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Fear Has No Place in Our Schools

Students are done hiding from gun violence and will stop at nothing to get politicians to prevent it. This past weekend, students across the country came together to march for this united message.

Marchers delivered speeches to large crowds in the rallies, called March for Our Lives, from cities such as Washington, D.C. to Los Angeles, CA. Some of the students were still in elementary school.

With raised fists and tears streaming down their young faces, they created a wave to shock the generations before them. They will not be moved.

Delaney Tarr, a student from Marjory Stoneman Douglas High School in Parkland, FL, where a gunman took the lives of 17 people, was one of the many students who spoke to tens of thousands of people standing together in Washington.

“If they continue to ignore us, to only pretend to listen, then we will take action where it counts,” Tarr said. “We will take action every day in every way until they simply cannot ignore us anymore.”

One of the most powerful speeches came from Naomi Wadler, an 11-year-old girl from Virginia. Wadler moved her audience as she cried out “never again” toward the gun violence history involving black women and girls.

In the hours prior to the nearly 800 marches across the country and internationally, the White House and Capitol Hill took no significant steps in gun control legislation. President Trump signed a $1.3 trillion spending bill, which did nothing to broaden background checks or limit assault weapons.

It should be noted that rallies this weekend took place in 390 of the nation’s 435 congressional districts. John Feinblatt, the president of Everytown for Gun Safety, said these students are not slowing down anytime soon.

“The mass shooting generation is nearly voting age,” Feinblatt said. “They know the midterms are six months away, and they plan to make sure that they vote and they get others to register to vote. They are absolutely poised to turn this moment into a movement.”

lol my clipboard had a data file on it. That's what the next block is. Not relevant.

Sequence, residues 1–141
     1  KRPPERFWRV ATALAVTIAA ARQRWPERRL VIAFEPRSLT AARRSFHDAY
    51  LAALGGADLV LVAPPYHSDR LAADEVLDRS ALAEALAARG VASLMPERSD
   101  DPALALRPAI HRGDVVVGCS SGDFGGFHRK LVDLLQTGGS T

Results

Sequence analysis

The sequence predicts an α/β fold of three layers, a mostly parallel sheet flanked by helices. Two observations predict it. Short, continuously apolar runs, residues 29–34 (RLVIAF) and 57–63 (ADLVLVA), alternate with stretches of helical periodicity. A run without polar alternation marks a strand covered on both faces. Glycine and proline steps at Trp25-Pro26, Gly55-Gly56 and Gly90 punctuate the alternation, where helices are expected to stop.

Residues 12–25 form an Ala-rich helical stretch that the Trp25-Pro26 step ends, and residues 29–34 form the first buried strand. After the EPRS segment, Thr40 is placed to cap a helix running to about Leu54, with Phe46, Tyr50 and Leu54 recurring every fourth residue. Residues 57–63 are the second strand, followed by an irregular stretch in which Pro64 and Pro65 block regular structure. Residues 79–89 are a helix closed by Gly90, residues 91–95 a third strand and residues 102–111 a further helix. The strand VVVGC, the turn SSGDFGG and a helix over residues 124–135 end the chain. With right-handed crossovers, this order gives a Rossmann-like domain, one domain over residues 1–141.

Several counter-marches occurred throughout the country by pro-gun citizens. They proudly walked holding signs reading “AR-15’s EMPOWER the people” and shouted, “We’re going to be the generation that takes down the gun lobby.”

Their shouts were muffled by the tears pouring down the faces of 17 students who took the stage at a Florida park close to Stoneman Douglas High School. Each student took the stage to represent one of their friends who had been murdered.

The brother of one victim, Anthony Montalto, held a sign that read: “My sister could not make it here today. I’m here for her.”

I’m not anti-guns, but I’m not pro-guns either. People from all over the world––Rome, Berlin, Tokyo––gathered together this weekend to unite to push legislation for an issue that wasn’t even in their own country. If other countries are recognizing something needs to be done in our nation, why are we so blind?

Students are scared to go to school. Imagine being one of the Parkland survivors. Imagine what it was like on that dark day in February. Imagine being cramped underneath a desk, hearing gunshots from the hallway, praying to God it wasn’t your best friend.

Then imagine going back to school after you buried 17 of your classmates and faculty members.

These students are making change for this nation. Guns are not the only weapon, and I think they are smart enough to know that. But when you have the power as a voter and informed citizen to create change that has the potential to save thousands of lives, why are you still clutching, white-knuckled, your AR-15?

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